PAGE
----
Monday, 30 April 2007

Feel free to comment

I have had 91 visits to this blog since it began and I'm sure i know most if not all of the people who have visited. I have only received however a few comments which were from people i know.

I welcome any comments from anyone about anything.

It is really helpful to me if people do comment and so if you have a strong feeling about anything let me know, if you don't care at all then also let me know.



Red Dragon Rising

A recent news article revealed that school places in Cardiff’s Welsh medium schools are being snapped up by parents. The supply of 505 places is not enough to fill the demand. There have been 540 requests for places and parents aren't happy. The solution offered by Cardiff city council was to create a number of ‘starter classes’ in existing English medium schools across the city. Some parents say they should build more Welsh medium schools.

This is a very encouraging sign for the future of the Welsh language.

Wales has a population of around 3 million people and according to the last census (in 2001) there were around 21% who could speak Welsh, an increase of 2.3% from the last census, 10 years before. While this is a small increase it is an increase all the same but there is still a lot of work to be done if we are to get back to the 54.4% of 1891 and beyond.

The decline in the language can originally be attributed to invading forces such as the Vikings, the Normans, Germanic tribes and in more modern times the English. Devices such as the ‘Welsh not’ were used by the English to try and break the spirit of the Welsh people and destroy the language. The ‘Welsh not’ was a small sign that was put around the neck of children who spoke Welsh in school and was passed around from offender to offender. Whoever remained with the ‘not’ at the end of class would be punished. Devices like this were responsible for many children growing up with not being able to speak their native language and I’m sure many children of subsequent generations didn’t even get the chance to speak their language.

As with all imperialist regimes and conquering nations language represents a big, if not the biggest threat to any hostile takeover. The fact that any occupying force may not be able to see, or more appropriately hear a revolution being formed under their noses was too much of a risk. It happened in Korea (as well as many other countries I’m sure) when the Japanese invaded and gave all the Korean people Japanese names and made them speak Japanese. The hatred for Japan and the Japanese runs deep in Korea to this day. Much the same happened in Wales although I hasten to add that the hatred is not felt in Wales with the same venom most Koreans feel for the Japanese.

I don’t speak Welsh, it’s a sad fact and a hard one to admit when people from other countries find out I’m from Wales and ask me if I can. I have a moment of shame almost but then I feel I have to justify it by telling a brief and probably factually inaccurate version of history and why I, and many Welsh people don't speak Welsh. As long as they get the point I don’t care.

I'm from South East Wales and live about as close to England as I do to Cardiff and any invading forces would surely have stumbled into my future home before marching into the rest of the country. Wales did get invaded, many times and as a result ( plus other factors) the percentage of native speakers in Wales has dropped to a very sad figure indeed. The same year I left school Welsh became part of the compulsory education you received up to GCSE level which was too late for me, I had to make do with learning French. But with the advent of initiatives like that one and others from the assembly government, the Welsh language looks like its getting some protection and hopefully there will be a new generation who grow up with Welsh not looking like a foreign language. Bill Bryson said of the Welsh and our language in his book, ‘Mother Tongue’ “The fact that the Welsh language has survived in the face of such adversity is due to the character of the Welsh people.”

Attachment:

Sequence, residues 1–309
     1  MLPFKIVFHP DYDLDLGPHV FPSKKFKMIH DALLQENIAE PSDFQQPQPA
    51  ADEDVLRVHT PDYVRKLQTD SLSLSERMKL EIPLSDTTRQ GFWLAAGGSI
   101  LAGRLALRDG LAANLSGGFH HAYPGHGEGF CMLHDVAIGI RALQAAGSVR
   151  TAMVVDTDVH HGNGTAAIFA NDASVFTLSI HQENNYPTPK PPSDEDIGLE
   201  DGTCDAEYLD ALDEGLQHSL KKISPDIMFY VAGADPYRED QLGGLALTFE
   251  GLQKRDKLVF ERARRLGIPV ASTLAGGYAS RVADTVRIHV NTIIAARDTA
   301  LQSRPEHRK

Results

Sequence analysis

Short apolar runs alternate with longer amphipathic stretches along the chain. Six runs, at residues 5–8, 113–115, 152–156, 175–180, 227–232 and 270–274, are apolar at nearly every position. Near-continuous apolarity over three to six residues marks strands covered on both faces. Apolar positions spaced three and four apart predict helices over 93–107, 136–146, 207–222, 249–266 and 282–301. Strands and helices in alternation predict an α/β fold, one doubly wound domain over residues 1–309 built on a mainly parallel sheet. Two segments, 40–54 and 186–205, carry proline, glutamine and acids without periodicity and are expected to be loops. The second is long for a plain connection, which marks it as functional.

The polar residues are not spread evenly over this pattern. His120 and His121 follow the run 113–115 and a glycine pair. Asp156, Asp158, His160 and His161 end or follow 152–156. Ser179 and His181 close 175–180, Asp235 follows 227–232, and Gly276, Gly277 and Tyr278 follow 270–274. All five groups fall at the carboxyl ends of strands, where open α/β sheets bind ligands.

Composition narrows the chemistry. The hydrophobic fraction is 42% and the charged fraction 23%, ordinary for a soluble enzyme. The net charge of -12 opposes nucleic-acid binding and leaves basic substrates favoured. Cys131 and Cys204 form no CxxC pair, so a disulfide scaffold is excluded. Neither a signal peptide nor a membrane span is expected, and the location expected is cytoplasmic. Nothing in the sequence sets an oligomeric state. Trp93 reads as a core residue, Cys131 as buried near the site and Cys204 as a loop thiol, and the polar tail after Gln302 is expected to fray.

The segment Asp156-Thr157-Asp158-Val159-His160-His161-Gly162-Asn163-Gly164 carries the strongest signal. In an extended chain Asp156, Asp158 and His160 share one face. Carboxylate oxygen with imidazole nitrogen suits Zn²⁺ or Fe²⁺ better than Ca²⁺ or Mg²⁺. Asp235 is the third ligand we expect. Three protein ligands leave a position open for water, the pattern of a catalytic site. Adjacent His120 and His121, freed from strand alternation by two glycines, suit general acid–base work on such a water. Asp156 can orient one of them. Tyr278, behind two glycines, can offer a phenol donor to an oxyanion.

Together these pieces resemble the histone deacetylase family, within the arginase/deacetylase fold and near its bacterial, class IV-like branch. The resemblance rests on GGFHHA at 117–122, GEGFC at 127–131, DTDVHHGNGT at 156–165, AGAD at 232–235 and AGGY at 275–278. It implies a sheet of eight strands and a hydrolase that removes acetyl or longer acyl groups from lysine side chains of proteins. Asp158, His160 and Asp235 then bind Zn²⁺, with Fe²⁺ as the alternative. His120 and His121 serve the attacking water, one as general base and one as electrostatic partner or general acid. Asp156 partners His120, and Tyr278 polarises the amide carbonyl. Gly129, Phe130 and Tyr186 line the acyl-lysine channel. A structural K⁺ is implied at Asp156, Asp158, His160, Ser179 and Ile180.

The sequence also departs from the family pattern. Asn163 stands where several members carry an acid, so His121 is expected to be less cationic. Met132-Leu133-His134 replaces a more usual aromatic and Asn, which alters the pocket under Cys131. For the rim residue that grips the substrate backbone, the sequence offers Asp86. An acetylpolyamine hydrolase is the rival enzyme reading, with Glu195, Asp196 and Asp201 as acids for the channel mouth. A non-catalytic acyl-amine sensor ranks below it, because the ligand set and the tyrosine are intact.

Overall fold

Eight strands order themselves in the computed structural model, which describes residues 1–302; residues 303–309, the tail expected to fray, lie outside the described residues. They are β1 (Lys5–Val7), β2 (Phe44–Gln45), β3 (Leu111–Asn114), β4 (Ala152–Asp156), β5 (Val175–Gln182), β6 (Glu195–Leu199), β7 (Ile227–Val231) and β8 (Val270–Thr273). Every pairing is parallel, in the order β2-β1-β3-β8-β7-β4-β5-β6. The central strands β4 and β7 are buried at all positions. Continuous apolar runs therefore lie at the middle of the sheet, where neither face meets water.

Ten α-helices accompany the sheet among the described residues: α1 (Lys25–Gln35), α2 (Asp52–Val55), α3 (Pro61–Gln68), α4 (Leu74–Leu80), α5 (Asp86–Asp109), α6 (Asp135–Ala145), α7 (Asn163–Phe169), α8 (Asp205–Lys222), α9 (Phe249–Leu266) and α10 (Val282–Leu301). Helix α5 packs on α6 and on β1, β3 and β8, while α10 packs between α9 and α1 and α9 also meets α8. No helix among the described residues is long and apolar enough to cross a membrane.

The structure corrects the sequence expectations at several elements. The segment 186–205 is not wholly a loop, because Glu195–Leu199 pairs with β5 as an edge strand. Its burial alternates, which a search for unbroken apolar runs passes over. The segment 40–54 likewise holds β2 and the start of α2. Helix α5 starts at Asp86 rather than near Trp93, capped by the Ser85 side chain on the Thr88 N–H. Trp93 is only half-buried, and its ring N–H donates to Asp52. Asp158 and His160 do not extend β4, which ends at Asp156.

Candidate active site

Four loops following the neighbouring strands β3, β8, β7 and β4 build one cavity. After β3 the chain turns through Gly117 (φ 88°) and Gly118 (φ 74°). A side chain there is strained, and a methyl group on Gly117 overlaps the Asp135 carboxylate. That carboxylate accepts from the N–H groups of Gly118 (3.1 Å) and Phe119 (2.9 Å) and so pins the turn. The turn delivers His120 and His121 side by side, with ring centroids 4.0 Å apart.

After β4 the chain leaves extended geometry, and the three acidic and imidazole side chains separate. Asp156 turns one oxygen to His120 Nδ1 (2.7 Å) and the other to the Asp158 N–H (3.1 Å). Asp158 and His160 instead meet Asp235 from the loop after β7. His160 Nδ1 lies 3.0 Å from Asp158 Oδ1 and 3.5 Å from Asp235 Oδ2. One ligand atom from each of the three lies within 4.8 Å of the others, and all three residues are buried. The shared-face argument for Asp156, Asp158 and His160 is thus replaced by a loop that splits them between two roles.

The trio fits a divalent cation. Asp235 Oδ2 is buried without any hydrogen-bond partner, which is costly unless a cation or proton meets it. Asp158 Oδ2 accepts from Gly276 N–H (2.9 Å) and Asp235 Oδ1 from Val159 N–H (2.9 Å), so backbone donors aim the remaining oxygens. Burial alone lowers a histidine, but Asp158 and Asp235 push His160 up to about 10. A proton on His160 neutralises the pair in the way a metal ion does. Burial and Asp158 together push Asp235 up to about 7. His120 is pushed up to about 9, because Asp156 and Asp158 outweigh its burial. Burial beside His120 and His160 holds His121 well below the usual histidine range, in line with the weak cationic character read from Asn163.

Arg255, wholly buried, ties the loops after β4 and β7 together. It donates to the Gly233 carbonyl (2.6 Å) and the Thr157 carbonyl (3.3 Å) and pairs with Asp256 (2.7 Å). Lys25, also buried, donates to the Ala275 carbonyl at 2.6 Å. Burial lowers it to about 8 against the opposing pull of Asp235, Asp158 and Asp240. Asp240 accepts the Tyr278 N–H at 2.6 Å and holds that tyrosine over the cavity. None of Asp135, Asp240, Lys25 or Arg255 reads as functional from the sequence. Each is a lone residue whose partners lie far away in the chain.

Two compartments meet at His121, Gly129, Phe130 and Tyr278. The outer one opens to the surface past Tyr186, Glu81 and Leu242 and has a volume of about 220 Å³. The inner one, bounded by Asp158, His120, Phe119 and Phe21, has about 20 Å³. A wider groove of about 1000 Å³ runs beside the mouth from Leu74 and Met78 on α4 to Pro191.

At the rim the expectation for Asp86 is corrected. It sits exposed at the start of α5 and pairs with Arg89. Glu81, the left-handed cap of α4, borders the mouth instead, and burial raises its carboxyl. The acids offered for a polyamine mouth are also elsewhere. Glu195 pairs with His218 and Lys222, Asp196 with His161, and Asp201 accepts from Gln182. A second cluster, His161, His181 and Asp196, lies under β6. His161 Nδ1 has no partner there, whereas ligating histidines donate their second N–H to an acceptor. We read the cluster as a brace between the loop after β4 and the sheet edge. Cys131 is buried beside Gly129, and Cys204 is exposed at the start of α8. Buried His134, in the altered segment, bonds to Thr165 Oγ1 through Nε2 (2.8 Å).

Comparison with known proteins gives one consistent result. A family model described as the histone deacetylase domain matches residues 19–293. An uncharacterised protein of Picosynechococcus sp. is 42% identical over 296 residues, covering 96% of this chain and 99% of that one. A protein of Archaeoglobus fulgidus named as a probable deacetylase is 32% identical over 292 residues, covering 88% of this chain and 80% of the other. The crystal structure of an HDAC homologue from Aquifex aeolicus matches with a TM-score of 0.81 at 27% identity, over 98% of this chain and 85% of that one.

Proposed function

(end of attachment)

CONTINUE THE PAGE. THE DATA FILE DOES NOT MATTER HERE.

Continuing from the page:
There is a legend in Welsh mythology about a battle between a Red dragon and an invading White one and maybe sums up the spirit of Wales.
The Red dragon fights with the invading White dragon. His pained shrieks cause women to miscarry and animals and plants to become barren. Lludd, king of Britain, goes to his wise brother Llefelys in France. Llefelys tells him to dig a pit in the centre of Britain, fill it with mead and cover it with cloth. Lludd does this and the dragons drink the mead and fall asleep. Lludd imprisons them, still wrapped in their cloth, in Dinas Emrys in Snowdonia
The dragons remain at Dinas Emrys for centuries until King Vortigern tries to build a castle there. Every night the castle walls and foundations are demolished by unseen forces. Vortigern consults his advisers, who tell him to find a boy with no natural father and sacrifice him. Vortigern finds such a boy (who is later, in some versions, to become Merlin) who is supposed to be the wisest wizard to ever live. On hearing that he is to be put to death to solve the demolishing of the walls, the boy dismisses the knowledge of the advisors. The boy tells the king of the two dragons. Vortigern excavates the hill, freeing the dragons. They continue their fight and the Red dragon finally defeats the White dragon. The boy tells Vortigern that the white dragon symbolises the Saxons and that the red dragon symbolises the people of Vortigern. If Vortigern is accepted to have lived in the fifth century, then these people are the British whom the Saxons failed to subdue and who became the Welsh.

I think the story has a nice metaphorical ring to it when talking about the Welsh language and our hopes for its rise from near extinction.

Wednesday, 18 April 2007

Virginia tech shootings

The man who killed 32 people and took his own life in the Virginia tech college shootings was from South Korea.